For June 28, 2019
For June 28, 2019
1 – Projects in Gladwin, Clare and Bay Counties are among those funded recently by the Saginaw Bay Watershed Initiative Network.
The network, funded by area foundations, awarded $92,000 in grants for four new projects, including a regional effort focusing on outdoor education at schools throughout the 22-county Saginaw Bay watershed.
The Bay County project will convert a portion of an existing paved parking lot into a green space to create a scenic public waterfront park in the Linwood area along Saginaw Bay, including benches, picnic tables and spotting scopes. A 60-foot seasonal fishing dock also will be installed along with a kayak launch that’s handicap-accessible.
More information is available online at saginawbaywin.org.
2 – Severe cold and historic rain events this year are having a devastating impact on the state’s farming community, officials say.
The Michigan Department of Agriculture and Rural Development has launched an online resource and information portal to help. The site is updated as new information and aid is identified. It includes resources from Michigan State University Extension and the U.S. Department of Agriculture.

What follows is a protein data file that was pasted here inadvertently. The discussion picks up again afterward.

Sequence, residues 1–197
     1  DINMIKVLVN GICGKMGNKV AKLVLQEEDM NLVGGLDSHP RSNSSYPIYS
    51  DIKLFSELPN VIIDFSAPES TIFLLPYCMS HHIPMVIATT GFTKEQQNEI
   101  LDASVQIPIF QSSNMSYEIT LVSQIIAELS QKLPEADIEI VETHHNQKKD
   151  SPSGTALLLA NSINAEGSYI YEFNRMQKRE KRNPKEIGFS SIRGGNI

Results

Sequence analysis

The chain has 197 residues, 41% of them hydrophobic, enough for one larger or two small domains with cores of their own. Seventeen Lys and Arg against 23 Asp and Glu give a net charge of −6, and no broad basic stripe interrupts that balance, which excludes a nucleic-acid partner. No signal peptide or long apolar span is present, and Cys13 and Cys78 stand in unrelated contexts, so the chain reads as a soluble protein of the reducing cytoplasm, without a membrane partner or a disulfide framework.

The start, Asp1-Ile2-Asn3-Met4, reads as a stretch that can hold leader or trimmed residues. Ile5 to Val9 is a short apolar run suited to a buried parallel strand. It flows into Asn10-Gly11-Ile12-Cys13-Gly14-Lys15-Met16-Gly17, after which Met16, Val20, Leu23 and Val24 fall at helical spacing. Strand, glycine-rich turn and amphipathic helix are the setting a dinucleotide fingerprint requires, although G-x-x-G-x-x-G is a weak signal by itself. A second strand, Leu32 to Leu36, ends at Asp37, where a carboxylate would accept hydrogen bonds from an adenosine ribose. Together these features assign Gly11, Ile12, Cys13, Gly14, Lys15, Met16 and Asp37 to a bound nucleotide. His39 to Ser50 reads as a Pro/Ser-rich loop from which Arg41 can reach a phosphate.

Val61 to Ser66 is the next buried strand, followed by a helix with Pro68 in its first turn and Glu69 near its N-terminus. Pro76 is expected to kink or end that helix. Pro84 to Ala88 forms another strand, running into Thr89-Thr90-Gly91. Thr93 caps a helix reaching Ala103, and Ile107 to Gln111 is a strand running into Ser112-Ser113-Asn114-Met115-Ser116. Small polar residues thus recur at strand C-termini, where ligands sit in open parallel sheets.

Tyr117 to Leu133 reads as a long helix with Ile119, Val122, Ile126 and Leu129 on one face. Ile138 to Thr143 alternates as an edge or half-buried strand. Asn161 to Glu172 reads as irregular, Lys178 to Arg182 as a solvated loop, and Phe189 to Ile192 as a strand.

State officials say wet conditions are preventing farmers from getting into fields and planting for the growing season. Farmers in many parts of the state are weeks behind schedule.
For information, visit michigan.gov/cropdisaster.
3 – Talking raccoons are part of Michigan efforts to boost recycling.
The state Department of Environment, Great Lakes, and Energy this week launched “Know It Before You Throw It,” the first-ever statewide education campaign on recycling.
The goal is to promote awareness of cleaner recycling practices to reduce the amount of contaminated materials going into recycling bins.
The state also wants to double Michigan’s recycling rate to 30% by 2025. Michigan’s current rate is the lowest in the Great Lakes region and among the lowest in the nation.
To kick off the campaign, the department introduced the Michigan Recycling Raccoon Squad, a highly motivated band of masked recycling experts who will serve as education ambassadors.
More information is online at RecyclingRaccoons.org.